Furthermore, I programmed a function that can copy source code from a bank into the cartridge RAM.*
This way, I have up to 8 KB of space that are also always available, minus the RAM space that you actually need for conventional variables.

And so, we have 24-32 KB of always available code in contrast to the 16 KB of UNROM, so that we hopefully don't have to worry about bankswitching actual source code in the first place and can dedicate the bankswitching to data alone.


If it is still not enough, then I would look for all the functions that are independent from other code and data and put them into a bank. Then I'd use the one bank that is still switchable for these things.

In this case, the functions of course have to be independent not only from other functions, but also from data constants, unless these constants and functions are all located within in the same bank.

In my case, even though it wouldn't be necessary yet, I store the code and data of the title screen, game over screen, save data menu etc. into a separate bank.
These things never need anything from the rest of the game, only battery RAM values for savestates, but nothing from code or external ROM data.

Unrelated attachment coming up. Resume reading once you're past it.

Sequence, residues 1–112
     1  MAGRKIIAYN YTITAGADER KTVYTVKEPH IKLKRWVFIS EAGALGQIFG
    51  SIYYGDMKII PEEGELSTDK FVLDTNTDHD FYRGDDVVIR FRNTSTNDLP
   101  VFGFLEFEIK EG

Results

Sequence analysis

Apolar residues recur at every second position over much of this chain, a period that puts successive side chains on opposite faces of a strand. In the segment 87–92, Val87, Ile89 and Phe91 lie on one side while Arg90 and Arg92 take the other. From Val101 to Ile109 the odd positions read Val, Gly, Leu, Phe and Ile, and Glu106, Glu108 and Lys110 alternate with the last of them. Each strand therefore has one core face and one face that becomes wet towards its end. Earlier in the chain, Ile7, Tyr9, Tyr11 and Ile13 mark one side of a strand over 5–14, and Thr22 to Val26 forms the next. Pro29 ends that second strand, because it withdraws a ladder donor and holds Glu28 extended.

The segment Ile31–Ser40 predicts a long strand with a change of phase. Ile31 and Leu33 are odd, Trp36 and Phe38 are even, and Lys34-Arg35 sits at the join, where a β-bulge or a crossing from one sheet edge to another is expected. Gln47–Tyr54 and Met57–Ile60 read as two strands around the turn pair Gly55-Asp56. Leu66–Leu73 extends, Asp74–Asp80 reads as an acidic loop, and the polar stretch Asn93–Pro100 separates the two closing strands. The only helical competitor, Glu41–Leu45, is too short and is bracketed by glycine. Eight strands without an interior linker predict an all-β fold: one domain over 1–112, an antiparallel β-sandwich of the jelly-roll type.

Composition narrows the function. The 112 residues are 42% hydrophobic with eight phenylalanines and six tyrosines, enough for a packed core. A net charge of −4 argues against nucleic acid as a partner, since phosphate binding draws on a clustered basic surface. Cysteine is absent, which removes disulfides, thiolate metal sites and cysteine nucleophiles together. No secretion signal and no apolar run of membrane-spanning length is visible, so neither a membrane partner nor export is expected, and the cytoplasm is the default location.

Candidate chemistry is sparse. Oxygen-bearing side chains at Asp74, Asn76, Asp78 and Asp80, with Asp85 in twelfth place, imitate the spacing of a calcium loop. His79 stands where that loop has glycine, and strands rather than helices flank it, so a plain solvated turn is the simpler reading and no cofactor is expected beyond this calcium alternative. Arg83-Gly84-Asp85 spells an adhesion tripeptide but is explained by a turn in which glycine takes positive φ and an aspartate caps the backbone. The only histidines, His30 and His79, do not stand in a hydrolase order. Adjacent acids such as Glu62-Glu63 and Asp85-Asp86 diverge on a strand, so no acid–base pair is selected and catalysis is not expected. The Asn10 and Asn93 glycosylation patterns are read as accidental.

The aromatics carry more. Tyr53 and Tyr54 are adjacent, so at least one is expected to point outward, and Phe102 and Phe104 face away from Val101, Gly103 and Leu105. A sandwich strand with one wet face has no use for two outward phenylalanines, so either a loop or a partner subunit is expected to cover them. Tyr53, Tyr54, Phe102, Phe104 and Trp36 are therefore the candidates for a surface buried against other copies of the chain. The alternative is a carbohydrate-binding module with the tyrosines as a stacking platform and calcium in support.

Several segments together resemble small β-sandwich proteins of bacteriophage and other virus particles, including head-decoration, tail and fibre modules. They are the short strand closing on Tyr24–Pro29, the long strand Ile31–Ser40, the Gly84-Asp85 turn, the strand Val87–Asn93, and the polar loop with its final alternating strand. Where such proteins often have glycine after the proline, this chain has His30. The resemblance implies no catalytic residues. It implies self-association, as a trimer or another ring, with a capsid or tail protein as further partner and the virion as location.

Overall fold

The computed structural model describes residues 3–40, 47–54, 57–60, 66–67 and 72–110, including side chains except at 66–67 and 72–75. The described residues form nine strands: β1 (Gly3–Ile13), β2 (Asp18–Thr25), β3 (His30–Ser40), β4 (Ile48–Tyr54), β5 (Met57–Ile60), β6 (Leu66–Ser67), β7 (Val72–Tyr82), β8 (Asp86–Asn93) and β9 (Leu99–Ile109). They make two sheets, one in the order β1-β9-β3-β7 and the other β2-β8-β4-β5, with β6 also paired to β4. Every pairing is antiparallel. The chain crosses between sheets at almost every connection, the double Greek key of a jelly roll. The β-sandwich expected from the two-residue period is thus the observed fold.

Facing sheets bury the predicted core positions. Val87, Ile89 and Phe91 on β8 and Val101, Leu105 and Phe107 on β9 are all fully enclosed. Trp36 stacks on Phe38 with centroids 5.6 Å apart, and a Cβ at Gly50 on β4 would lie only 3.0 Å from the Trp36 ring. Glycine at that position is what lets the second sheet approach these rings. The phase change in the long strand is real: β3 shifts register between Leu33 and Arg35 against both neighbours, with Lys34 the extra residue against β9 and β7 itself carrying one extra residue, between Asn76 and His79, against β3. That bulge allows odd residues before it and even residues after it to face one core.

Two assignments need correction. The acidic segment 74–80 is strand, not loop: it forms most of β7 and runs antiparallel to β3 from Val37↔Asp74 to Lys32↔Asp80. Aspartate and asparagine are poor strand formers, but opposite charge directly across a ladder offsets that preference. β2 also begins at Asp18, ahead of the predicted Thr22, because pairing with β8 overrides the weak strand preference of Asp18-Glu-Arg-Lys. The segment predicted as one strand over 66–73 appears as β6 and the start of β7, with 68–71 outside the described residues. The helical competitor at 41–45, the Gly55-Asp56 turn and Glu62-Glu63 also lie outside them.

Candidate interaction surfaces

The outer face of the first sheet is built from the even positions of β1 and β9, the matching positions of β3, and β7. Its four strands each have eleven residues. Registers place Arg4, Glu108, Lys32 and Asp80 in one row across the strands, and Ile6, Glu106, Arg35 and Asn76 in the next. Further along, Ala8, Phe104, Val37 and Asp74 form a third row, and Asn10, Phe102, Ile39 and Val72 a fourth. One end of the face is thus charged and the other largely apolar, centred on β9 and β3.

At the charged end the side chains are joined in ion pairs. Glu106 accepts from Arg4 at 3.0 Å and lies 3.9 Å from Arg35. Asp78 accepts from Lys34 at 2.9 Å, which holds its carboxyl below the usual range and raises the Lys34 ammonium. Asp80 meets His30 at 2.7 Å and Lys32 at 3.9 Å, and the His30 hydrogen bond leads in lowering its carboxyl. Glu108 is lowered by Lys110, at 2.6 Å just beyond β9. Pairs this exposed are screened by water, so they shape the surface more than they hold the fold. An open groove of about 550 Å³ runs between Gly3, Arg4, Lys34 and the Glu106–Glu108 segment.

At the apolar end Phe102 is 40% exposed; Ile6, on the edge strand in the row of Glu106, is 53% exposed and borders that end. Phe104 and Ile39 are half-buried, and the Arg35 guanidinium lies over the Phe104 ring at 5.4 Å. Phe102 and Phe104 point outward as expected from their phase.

So, I can waste eight more KB for text screens that are not counted towards my up to 32 KB of always available stuff. And the text screens are guaranteed to never interfere with the flow of my program since they are only called in one specific location that will never change ever again.


* About putting code from ROM to RAM:
If you use cc65, the config file allows you to declare a segment that is stored in one location, but that gets executed in another location. You just have to program the copy function, but from then on, you can use the functions out of the RAM, even though at compile time, they are stored at a different address in ROM.